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Article
August 6, 1910

THE TEETH AS AN IMPORTANT FACTOR IN PATHOGENESIS

Author Affiliations

Associate In Surgery, Rush Medical College, in Affiliation with University of Chicago. CHICAGO

JAMA. 1910;55(6):492-494. doi:10.1001/jama.1910.04330060044012
Abstract

My object is to call the attention of physicians and dentists alike to the importance of further study and preparation for work in a field which has no hard and fast boundaries but which is widely overlapped by both medicine and dentistry. Because of the diverse relations of medicine to dentistry and dentistry to medicine it is important that the dentist be versed in general medicine; also that the physician be conversant with more of the general conditions which make up the specialty called dentistry, which has been known as a profession apart from and unconnected with medicine. It is necessary that the practitioner, whether he be dentist or physician, should understand the etiology and pathology as it pertains to the case in hand, a living pathology, as it were. Only this condition permits of the practice of logical therapeutics.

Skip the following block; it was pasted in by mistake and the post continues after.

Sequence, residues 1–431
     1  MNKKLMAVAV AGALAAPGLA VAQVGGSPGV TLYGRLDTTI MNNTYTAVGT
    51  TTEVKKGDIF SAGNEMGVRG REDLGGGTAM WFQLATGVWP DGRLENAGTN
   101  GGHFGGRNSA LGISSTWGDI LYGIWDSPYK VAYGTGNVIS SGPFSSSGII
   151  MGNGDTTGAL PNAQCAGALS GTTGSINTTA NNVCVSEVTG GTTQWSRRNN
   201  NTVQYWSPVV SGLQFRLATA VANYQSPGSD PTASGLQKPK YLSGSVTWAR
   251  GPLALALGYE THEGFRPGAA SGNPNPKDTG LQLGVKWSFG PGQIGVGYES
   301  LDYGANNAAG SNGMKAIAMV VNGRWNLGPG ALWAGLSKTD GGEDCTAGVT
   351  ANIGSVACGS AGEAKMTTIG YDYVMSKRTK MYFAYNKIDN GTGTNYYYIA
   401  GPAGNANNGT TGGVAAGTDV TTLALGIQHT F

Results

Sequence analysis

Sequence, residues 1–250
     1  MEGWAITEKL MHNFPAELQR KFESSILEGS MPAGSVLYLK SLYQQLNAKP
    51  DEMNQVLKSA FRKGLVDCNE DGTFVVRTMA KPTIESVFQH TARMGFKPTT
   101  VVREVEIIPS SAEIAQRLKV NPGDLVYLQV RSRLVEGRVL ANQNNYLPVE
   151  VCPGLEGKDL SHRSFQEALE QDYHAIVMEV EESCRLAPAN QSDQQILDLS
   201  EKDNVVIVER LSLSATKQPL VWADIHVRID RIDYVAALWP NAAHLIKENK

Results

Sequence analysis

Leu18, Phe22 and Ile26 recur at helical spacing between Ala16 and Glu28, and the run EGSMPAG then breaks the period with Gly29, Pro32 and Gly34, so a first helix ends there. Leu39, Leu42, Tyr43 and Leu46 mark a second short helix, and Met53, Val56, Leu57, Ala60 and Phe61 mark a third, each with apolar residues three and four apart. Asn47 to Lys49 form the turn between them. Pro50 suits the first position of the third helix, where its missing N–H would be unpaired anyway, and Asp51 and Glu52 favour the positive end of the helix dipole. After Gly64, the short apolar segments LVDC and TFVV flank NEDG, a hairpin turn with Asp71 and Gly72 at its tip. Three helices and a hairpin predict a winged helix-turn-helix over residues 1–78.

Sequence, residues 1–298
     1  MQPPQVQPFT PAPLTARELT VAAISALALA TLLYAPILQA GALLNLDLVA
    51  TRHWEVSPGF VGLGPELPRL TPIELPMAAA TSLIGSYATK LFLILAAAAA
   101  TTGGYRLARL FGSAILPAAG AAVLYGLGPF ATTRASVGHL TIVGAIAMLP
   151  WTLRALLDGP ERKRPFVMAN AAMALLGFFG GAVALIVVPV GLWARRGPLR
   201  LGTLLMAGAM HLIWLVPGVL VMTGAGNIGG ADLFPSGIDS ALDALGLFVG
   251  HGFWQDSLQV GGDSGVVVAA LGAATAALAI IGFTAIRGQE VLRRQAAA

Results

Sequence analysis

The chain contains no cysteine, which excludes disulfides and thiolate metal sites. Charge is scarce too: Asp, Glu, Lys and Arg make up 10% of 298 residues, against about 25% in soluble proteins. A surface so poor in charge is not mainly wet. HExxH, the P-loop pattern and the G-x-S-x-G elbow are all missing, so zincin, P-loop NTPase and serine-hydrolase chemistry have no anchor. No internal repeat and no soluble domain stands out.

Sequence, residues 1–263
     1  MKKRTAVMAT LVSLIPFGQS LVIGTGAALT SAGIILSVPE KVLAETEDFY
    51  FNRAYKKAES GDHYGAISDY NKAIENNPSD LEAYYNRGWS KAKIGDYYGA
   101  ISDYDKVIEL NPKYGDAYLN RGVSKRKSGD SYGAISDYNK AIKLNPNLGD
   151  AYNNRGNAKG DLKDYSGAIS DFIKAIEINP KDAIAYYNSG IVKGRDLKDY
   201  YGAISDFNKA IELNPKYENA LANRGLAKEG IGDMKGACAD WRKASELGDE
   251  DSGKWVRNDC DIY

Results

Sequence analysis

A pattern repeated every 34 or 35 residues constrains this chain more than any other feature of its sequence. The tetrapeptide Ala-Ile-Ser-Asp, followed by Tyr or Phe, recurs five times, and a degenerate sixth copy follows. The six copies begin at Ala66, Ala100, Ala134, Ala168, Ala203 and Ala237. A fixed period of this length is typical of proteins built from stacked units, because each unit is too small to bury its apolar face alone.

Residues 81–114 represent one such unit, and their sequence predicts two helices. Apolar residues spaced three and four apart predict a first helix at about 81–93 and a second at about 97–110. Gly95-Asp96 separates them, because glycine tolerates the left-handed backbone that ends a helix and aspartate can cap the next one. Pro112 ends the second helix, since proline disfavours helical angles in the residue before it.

The teeth, during the entire life of the individual, play

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